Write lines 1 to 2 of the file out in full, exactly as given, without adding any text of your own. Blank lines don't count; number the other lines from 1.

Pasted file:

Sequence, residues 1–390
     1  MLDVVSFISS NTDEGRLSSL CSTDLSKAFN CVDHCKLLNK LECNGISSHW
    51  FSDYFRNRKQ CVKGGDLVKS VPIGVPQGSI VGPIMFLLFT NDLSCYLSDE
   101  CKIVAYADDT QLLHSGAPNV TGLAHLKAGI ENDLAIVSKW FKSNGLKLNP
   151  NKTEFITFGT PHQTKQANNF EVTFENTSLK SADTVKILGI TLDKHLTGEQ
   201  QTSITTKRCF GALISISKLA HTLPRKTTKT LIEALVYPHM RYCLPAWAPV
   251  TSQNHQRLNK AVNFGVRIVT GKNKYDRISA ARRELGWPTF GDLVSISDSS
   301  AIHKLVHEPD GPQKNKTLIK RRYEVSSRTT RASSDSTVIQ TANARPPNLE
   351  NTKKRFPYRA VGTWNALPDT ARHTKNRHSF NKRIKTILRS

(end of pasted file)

Sequence, residues 1–390
     1  MLDVVSFISS NTDEGRLSSL CSTDLSKAFN CVDHCKLLNK LECNGISSHW